Tuesday, August 28, 2018

Cessna 172G Skyhawk, N4379L: Accident occurred August 27, 2018 in Rushville, Rush County, Indiana

The National Transportation Safety Board did not travel to the scene of this accident.

Additional Participating Entity: 

Federal Aviation Administration / Flight Standards District Office; Indianapolis - Plainfield, Indiana

Aviation Accident Preliminary Report - National Transportation Safety Board: https://app.ntsb.gov/pdf


https://registry.faa.gov/N4379L


Location: Rushville, IN
Accident Number: CEN18LA352
Date & Time: 08/27/2018, 1350 EDT
Registration: N4379L
Aircraft: Cessna 172
Injuries: 2 Minor
Flight Conducted Under: Part 91: General Aviation - Personal 

On August 27, 2018, about 1350 eastern daylight time, a Cessna 172G (Skyhawk) airplane, N4379L, lost engine power and impacted a remote soybean field about 8 miles northeast of Rushville, Indiana. The left seat private pilot and the right seat passenger sustained minor injuries, and the airplane sustained substantial damage. The airplane was registered to and operated by the pilot under the provisions of Title 14 Code of Federal Regulations Part 91 as a visual flight rules personal flight. Visual meteorological conditions prevailed at the time of the accident, and no flight plan was filed. The flight originated from the Greater Portsmouth Regional Airport (PMH), Portsmouth, Ohio, about 1220.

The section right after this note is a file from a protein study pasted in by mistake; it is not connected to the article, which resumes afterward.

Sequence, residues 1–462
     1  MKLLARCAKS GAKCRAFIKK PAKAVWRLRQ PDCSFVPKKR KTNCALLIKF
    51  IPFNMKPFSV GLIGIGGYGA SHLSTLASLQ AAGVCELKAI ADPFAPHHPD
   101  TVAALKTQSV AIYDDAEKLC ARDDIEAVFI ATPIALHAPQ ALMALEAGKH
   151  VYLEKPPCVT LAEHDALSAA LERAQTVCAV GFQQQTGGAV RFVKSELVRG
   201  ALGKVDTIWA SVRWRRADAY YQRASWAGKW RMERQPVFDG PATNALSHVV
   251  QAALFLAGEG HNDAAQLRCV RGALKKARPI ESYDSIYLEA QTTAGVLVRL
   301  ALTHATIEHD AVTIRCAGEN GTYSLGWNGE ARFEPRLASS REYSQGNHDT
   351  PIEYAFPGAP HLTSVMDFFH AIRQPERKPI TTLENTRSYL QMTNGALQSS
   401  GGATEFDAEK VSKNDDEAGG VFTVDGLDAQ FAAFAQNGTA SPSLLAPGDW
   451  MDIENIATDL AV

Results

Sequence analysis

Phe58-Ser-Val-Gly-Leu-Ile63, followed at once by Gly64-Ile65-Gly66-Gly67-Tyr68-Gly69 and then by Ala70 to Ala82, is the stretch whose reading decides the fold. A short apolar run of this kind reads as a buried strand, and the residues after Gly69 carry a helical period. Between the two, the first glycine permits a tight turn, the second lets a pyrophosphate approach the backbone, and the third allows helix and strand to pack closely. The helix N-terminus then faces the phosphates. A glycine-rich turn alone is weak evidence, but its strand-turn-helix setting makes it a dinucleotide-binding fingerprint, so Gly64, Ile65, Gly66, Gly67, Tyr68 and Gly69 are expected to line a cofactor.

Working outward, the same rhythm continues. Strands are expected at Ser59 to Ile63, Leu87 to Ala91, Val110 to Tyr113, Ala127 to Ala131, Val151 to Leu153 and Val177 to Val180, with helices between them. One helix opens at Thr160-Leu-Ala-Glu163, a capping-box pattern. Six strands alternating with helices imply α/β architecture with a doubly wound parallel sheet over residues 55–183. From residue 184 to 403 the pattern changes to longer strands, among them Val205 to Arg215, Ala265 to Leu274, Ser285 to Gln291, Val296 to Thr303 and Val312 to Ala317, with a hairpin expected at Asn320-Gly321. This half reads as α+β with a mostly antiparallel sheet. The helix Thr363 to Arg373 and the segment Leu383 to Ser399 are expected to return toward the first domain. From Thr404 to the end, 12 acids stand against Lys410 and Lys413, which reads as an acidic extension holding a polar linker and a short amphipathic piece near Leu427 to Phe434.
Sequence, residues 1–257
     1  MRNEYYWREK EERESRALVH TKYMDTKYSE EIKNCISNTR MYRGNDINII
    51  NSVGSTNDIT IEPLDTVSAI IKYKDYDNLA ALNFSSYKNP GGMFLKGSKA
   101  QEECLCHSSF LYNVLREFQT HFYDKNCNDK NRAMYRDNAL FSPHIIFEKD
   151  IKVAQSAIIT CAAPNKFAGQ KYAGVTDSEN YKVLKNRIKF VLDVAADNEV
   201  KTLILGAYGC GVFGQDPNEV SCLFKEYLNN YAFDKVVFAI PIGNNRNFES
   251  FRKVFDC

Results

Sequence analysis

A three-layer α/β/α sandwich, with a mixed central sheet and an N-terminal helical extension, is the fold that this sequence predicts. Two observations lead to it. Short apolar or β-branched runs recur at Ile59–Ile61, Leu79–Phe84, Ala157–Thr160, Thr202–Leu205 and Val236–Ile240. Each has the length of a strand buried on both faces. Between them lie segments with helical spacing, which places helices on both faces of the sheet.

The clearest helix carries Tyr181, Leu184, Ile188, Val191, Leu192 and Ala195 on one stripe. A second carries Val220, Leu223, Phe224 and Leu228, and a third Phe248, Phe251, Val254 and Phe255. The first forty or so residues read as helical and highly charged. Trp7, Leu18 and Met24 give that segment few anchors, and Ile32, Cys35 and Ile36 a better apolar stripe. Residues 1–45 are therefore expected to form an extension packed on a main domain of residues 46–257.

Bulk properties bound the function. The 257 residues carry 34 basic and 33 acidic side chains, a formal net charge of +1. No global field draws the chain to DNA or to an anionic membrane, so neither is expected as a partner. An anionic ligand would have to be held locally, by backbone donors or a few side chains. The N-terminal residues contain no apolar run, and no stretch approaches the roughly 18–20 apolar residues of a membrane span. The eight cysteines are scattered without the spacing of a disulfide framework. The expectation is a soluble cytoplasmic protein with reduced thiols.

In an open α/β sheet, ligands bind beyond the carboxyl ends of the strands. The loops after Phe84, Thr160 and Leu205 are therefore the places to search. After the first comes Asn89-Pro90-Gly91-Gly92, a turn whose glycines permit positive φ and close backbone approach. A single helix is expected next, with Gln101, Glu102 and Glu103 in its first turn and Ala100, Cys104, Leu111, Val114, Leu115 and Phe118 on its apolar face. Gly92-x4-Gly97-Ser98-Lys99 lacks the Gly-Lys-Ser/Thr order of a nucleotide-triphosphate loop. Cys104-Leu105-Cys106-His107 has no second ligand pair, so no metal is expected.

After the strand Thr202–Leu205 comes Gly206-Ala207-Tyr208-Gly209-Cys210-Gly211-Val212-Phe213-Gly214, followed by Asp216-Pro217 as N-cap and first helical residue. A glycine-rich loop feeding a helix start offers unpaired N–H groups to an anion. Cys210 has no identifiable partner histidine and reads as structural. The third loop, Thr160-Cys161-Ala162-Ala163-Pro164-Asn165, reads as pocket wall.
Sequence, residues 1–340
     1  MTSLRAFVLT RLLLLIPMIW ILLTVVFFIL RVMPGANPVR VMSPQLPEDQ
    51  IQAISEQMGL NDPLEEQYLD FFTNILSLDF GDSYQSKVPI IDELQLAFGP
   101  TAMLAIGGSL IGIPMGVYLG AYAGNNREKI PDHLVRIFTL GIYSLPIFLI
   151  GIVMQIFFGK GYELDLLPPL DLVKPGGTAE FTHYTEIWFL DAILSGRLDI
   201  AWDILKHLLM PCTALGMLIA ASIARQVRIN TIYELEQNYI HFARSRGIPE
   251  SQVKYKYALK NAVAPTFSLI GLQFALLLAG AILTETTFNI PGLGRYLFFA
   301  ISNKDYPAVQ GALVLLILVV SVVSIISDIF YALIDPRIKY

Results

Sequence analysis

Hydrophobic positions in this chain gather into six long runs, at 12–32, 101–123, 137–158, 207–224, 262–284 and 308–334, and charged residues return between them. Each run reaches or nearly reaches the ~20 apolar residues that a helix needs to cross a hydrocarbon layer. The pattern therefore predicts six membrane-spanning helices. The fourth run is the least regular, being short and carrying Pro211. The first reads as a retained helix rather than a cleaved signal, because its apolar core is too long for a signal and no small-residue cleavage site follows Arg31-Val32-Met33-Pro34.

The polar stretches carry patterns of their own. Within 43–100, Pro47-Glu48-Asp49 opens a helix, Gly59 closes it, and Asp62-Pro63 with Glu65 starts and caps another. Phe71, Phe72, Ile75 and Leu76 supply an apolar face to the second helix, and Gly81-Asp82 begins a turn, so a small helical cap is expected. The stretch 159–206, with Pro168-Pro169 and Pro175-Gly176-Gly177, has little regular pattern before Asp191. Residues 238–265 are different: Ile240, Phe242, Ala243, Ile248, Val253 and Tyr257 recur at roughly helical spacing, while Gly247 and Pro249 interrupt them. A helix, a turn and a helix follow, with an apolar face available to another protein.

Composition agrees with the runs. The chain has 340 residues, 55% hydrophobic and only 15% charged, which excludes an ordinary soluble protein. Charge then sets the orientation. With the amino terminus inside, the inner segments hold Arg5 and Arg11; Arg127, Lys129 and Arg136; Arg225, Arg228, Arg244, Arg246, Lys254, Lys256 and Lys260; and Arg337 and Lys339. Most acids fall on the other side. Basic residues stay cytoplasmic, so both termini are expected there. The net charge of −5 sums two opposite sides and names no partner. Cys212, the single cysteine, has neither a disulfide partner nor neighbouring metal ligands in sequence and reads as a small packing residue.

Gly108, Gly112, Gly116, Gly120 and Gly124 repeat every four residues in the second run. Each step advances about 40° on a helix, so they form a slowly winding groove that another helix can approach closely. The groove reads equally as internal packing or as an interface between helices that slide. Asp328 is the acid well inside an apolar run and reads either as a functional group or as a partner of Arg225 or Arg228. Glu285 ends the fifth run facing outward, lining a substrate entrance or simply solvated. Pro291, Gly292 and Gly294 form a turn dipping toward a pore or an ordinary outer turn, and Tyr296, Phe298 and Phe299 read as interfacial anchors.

The pilot reported that the purpose of the flight was to fly cross-country to visit family members. The pilot landed at PMH and topped off both fuel tanks. She reported that after refueling, she attempted to start the engine, and noted that the primer "didn't have much resistance." The airplane sat for about 10 minutes, the pilot started the airplane without further incident, and departed for the flight. During the second engine start sequence, she reported no abnormalities with the primer. The next planned stop after PMH was for Crawfordsville Municipal Airport (CFJ), Crawfordsville, Indiana.

After the departure climb from PMH, the engine temporarily "sputtered" and then operated normally. While in cruise flight about 2,900 ft above mean sea level (msl) and traveling about 85 knots with a heading of 300°, the engine "sputtered" and ceased producing power. The pilot stated the outside air temperature gauge indicated about 80° Fahrenheit and she did not believe the engine was experiencing carburetor icing conditions. The pilot did not remember what temperature the carburetor temperate gauge was displaying at the time. The engine speed decreased to 1,500 to 1,000 rpm. The pilot advanced the mixture to the full rich position and the engine "smoothed out a little." The airplane descended to about 2,000 ft msl and the engine began "sputtering" again and the engine speed decreased to about 1,000 rpm and ceased producing power. The pilot attempted to troubleshoot the engine power loss without applying carburetor heat but was not successful in regaining engine power.